Course Meeting Times
Lectures: 2 sessions / week, 1.5 hours / session
This course is an introduction to three of the major genres of traditional Chinese literature—poetry, fiction and drama, with a focus on vernacular fiction. We will read translations of a number of the “masterworks” of Chinese literature. We will also examine the intertextuality between these genres — how poetry blends into narrative, how fiction becomes drama, and drama inspires fiction. Through reading these selected works of traditional Chinese literature, we will examine some of the major features of traditional Chinese society: religious and philosophical beliefs, the imperial system and dynastic change, gender relations, notions of class and ethnicity, family, romance and sexuality. All works are read in translation; no language background is necessary.
This course seeks not only to introduce students to highlights from the canon of traditional Chinese literature, but also secondarily to consider the idea of this literary canon as a “living tradition,” both in contemporary Chinese societies and in the global Chinese diaspora. Student projects will focus on contemporary media adaptations of famous Chinese literary works (in film, anime, comic books, computer games, web sites, music, theater, art, and other media).
This course includes two field trips: one to the Boston MFA, and one to the Peabody Essex Museum, Salem.
In this course, you will be required to complete the following activities, graded as follows:
|Weekly journal submissions||15%|
|Annotated bibliography and project proposal||15%|
Required and Recommended Texts
Shi, Nai’an, and Guanzhong Luo. Outlaws of the Marsh: An Abridged Version. Translated by Shapiro Sidney. Commercial Press, 1986. ISBN: 9789620710674.
Wang, Shi-fu. The Story of the Western Wing. Edited and translated by Stephen H. West and Wilt L. Idema. University of California Press, 1995. ISBN: 9780520201842. [Preview with Google Books]
Wu, Ch’eng-en. Monkey: Folk Novel of China. Translated by Arthur Waley. Grove/Atlantic, 1994. ISBN: 9780802130860.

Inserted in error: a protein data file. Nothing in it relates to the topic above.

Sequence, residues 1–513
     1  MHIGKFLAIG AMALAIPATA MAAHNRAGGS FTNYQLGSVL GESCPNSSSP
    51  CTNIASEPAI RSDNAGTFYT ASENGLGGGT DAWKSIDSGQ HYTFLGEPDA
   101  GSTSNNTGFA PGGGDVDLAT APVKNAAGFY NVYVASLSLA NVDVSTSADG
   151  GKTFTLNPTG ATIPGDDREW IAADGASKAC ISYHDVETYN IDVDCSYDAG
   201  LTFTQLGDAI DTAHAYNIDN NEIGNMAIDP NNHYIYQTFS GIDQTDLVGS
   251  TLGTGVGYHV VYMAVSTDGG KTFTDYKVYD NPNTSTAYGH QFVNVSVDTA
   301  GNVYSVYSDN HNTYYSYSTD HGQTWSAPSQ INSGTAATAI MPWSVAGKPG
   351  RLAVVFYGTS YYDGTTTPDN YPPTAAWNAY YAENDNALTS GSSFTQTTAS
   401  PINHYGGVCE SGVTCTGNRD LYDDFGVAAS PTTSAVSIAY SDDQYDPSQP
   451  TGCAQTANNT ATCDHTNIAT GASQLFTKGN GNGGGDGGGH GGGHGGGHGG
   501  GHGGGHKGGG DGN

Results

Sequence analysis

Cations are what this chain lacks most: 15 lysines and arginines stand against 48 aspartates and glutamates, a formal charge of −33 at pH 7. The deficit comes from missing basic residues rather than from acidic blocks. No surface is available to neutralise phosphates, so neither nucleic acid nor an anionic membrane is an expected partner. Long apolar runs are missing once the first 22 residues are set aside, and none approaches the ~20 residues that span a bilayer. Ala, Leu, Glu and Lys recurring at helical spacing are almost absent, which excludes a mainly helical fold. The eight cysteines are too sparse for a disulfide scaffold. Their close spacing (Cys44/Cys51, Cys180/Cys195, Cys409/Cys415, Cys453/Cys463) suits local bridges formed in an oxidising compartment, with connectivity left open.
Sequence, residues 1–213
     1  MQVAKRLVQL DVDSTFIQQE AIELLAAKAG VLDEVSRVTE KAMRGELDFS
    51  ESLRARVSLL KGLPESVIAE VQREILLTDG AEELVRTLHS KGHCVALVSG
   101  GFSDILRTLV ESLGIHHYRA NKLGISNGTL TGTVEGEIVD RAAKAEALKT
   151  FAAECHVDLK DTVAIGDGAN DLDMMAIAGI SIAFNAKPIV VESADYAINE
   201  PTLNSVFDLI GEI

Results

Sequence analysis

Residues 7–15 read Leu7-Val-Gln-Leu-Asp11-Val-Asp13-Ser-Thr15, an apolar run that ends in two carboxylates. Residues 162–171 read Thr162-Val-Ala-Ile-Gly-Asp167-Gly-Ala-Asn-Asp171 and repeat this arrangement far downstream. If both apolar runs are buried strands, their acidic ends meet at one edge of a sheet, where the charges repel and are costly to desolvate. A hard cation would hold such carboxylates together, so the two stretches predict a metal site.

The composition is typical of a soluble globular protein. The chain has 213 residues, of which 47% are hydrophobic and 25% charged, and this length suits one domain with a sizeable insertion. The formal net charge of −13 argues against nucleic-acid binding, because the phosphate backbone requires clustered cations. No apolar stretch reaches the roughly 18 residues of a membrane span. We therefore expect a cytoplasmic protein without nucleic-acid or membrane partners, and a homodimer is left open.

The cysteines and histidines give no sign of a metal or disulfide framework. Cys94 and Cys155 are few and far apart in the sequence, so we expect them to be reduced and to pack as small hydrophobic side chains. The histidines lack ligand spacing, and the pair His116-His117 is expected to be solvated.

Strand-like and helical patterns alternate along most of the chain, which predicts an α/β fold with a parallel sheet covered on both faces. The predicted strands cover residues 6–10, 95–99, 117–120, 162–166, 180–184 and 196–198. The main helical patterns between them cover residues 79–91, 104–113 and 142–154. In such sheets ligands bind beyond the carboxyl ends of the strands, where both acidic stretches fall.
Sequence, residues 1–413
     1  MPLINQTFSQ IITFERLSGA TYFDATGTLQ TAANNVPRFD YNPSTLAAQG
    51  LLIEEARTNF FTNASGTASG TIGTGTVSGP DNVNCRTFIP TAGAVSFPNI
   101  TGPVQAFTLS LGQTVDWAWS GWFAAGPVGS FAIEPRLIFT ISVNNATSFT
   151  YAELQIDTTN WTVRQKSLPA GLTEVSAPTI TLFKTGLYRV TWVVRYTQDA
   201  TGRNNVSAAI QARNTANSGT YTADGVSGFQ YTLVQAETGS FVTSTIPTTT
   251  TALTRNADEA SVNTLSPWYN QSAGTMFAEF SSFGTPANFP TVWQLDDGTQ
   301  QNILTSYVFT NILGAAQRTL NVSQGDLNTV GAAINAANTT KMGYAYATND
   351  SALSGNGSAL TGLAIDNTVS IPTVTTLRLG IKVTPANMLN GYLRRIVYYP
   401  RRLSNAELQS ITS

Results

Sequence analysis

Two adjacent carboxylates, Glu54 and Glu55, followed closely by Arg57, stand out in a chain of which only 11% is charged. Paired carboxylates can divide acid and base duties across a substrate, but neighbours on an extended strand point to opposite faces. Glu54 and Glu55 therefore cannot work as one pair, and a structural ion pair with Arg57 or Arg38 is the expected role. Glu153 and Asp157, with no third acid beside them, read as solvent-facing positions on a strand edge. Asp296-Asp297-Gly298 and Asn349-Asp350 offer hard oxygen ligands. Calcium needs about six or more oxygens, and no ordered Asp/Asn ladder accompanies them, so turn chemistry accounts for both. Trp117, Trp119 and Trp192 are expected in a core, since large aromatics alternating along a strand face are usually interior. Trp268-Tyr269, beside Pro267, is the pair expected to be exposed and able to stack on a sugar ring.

Cao, Xueqin. The Story of the Stone, or The Dream of the Red Chamber, Vol. 1: The Golden Days. Translated by David Hawkes. Penguin Group, 1974. ISBN: 9780140442939.
Owen, Stephen. An Anthology of Chinese Literature: Beginnings to 1911. Edited and translated by Stephen Owen. W. W. Norton & Company, 1996. ISBN: 9780393038231.
Cao, Xueqin. The Story of the Stone, Vol. 2: The Crab-Flower Club. Edited by E. Gao and translated by David Hawkes and John Minford. Penguin, 1977. ISBN: 9780140443264.
Lanling Xiaoxiao Sheng [pseud.]. Plum in the Golden Vase, or Chin P’ing Mei. Vol. 1–4. Translated by David To Roy. Princeton University Press, 1997-2011. ISBN: 9780691150437.
Fu, Shen. Six Records of a Floating Life. Edited and translated by Leonard Pratt and Su-Hui Chiang. Penguin Group, 1983. ISBN: 9780140444292.
Tang, Xianzu. The Peony Pavilion: Mudan ting. 2nd ed. Translated by Cyril Birch. Indiana University Press, 2002. ISBN: 9780253215277. [Preview with Google Books]
Lo, Kuan-chong. Three Kingdoms: China’s Epic Drama. Translated by Moss Roberts. Pantheon Books, 1977. ISBN: 9780394733937.
Wu, Cheng’en. The Monkey and the Monk: An Abridgment of the Journey to the West. Edited and translated by Anthony C. Yu. University of Chicago Press, 2006. ISBN: 9780226971568. [Preview with Google Books]
Crouching Tiger, Hidden Dragon, directed by Ang Lee, 2000.
Hong Niang, directed by Tu Long, 1958.
Red Cliffs, directed by John Woo, 2008.
Water Margin: True Color of Heroes, directed by Billy Chan, 1993.
Monkey Goes West, directed by Meng Hua Ho, 1966.
Chinese Odyssey Part One: Pandora’s Box, directed by Jeffery Lau, 1994.
Princess Iron Fan, directed by Guchan Wan and Laiming Wan, 1941.
Dream of the Red Chamber, directed by Han Chin, 1978.
A Chinese Ghost Story, directed by Siu-Tung Ching, 1987.